Sudan and South Sudan are teetering: war, famine, environmental degradation, and the involuntary movement of hundreds of thousands of people have the potential to exact a dire toll on the lives of millions people. That this unfolding cataclysm is entirely man made, and entirely avoidable, points to a profound failure of leadership at home and abroad.
The numbers are staggering: In North Sudan, the United Nations now estimates that 4.3 million citizens, or 14 percent of the country, are in need of urgent humanitarian assistance; in the South as many as 21 percent of the population (or 1.7 million people) is at serious risk.
The challenge in the north is being made worse by the government’s continued antipathy towards international NGO’s.Following six years of relative peace, and unprecedented developmental dividends, conflict exploded along the poorly demarcated border between Sudan and South Sudan in the period preceding and immediately after the secession of the South in July 2011. In May 2011, militia activity in the disputed oil-rich Abyei region, escalated into a full-scale military occupation by the Sudanese Armed Forces (SAF) that displaced an estimated 110,000 Dinka Ngok people to the South. A month later the SAF attacked launched an assault on the Sudanese Peoples Liberation Army North (SPLM-N) in the neighboring state of South Kordofan. This ongoing conflict has now internally displaced 300,000 people, and forced tens of thousands into southern exile. In September, the front against the SPLM-N expanded to include the Blue Nile state where over 50 percent of the population has now been affected by conflict, with 66,000 internally displaced, and a further 87,000 people have fled to Ethiopia and South Sudan.
The destabilization of Libya to the North has robbed Darfuri rebels of a safe-haven, forcing columns of heavily armed Justice and Equality Movement (JEM) militia to return to the Sudan, breathing new life into that conflict. 1.9m Darfuri citizens are now considered internally displaced; 700,000 newly or secondarily displaced through the course of 2011.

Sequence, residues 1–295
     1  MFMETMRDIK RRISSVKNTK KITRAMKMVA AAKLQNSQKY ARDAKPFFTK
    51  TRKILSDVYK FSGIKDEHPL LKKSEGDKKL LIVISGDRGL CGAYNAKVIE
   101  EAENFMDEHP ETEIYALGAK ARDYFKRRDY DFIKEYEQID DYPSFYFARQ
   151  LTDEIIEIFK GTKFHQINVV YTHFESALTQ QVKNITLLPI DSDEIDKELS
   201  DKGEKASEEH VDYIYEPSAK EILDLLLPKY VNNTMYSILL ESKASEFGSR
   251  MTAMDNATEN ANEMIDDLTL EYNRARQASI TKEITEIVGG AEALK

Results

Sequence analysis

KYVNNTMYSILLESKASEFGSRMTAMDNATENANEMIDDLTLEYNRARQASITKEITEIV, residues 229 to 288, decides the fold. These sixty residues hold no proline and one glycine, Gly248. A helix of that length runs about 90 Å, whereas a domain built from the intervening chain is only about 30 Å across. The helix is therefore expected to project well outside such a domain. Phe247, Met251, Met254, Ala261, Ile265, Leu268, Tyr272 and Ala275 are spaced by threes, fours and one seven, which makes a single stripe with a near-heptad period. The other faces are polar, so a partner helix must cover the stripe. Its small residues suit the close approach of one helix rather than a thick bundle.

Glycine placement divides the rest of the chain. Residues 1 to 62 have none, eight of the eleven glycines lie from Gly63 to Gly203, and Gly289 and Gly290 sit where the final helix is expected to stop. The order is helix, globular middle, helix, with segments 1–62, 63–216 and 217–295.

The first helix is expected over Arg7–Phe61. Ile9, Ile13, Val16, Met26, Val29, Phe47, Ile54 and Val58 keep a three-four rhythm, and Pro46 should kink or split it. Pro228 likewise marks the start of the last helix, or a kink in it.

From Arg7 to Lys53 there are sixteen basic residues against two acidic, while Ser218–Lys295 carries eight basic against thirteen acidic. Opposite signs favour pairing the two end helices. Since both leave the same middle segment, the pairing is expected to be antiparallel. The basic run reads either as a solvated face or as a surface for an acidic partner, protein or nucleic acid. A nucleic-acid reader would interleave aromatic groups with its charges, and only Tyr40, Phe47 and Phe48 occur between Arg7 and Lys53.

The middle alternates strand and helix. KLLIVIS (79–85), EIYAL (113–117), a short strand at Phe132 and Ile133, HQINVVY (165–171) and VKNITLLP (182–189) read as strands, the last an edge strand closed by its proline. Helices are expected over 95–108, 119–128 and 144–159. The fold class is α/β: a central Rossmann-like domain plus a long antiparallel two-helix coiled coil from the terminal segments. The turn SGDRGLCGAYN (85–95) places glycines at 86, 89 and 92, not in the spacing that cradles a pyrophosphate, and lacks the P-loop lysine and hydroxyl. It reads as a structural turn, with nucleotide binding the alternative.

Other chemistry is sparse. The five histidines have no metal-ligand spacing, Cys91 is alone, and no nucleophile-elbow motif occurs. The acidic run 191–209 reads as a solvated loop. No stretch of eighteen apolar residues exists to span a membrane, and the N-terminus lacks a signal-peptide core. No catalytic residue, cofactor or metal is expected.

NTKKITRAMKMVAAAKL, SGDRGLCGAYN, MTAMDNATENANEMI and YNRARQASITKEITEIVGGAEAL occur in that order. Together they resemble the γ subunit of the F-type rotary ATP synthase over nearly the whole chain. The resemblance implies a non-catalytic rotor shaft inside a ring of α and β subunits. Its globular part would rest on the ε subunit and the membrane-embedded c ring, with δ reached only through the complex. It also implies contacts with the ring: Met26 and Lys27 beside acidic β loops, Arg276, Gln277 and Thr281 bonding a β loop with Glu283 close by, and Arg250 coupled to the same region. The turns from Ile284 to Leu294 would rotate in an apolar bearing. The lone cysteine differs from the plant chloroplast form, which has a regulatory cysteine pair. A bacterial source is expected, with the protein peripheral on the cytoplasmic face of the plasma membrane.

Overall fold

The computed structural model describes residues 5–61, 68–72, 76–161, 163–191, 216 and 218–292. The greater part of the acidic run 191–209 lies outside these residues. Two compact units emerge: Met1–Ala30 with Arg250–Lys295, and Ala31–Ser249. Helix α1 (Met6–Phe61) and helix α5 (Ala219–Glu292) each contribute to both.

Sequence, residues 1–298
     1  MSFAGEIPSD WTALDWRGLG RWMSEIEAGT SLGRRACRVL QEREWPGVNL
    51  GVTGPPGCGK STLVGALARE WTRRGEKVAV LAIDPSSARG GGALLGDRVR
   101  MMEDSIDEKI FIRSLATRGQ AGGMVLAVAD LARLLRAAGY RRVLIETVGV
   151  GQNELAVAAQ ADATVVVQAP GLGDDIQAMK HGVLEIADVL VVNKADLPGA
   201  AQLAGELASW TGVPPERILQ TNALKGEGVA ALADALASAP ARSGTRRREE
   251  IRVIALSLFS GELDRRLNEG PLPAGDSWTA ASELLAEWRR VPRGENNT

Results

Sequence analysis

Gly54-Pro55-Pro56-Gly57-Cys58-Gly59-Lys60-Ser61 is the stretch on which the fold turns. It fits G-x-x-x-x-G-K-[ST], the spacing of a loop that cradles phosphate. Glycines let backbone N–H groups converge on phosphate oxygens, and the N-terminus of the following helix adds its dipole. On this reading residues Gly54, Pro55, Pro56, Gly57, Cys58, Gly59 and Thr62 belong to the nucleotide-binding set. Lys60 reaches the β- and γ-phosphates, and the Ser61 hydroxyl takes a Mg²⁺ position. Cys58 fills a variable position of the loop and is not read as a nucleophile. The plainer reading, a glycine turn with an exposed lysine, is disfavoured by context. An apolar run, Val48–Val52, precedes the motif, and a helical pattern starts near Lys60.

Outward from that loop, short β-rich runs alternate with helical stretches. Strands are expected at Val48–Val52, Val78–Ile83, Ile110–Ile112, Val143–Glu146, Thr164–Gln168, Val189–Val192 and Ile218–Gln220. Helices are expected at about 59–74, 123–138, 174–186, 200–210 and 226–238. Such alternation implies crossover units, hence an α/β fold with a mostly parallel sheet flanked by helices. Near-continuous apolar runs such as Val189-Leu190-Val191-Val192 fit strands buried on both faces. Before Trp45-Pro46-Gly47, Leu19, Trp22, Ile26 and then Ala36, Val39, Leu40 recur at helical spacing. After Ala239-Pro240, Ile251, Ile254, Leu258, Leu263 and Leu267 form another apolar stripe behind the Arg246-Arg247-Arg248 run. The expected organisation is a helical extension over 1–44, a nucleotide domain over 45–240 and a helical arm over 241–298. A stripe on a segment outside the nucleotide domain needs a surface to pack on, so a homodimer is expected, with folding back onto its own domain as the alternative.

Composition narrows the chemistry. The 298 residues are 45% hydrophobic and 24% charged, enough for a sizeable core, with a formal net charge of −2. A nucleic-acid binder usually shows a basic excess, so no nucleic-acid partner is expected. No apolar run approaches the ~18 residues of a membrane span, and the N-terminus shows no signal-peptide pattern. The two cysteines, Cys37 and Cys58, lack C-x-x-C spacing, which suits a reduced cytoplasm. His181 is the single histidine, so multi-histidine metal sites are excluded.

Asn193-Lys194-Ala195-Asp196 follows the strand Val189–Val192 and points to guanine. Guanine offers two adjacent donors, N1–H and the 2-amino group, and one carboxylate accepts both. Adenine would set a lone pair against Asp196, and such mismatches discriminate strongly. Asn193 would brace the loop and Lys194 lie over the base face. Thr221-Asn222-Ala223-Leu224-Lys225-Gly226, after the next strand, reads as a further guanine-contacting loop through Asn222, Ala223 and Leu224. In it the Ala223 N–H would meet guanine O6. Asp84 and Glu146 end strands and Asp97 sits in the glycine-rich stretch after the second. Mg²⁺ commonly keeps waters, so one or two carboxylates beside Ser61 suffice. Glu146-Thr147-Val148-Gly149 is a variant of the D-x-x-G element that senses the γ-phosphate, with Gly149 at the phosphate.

In South Sudan, conflict only tangentially related to animosity with the North has unleashed terrifying violence across swathes of the country, undermining the limited security apparatus of the new state, and the UN’s peacekeeping capacity. In Jonglei and Warrup states, cattle-raiding between the Dinka, Nuer and Murle groups has escalated into large scale paramilitary activity, killing thousands, and forcing 150,000 from their homes. Cattle-rustling is a entrenched custom in some communities (bestowing honor on young men), but the abuse and arming of ethnic militia as proxy armies through the years of civil war—together with increased competition for resources, climate change and over-grazing—has conspired to encourage a lethal cocktail of massacres and reprisals. Nuer and Dinka elders now claim to have raised an army of 30,000 from affected communities and Ethiopia to exact revenge following an attack by 8000 Murle in December.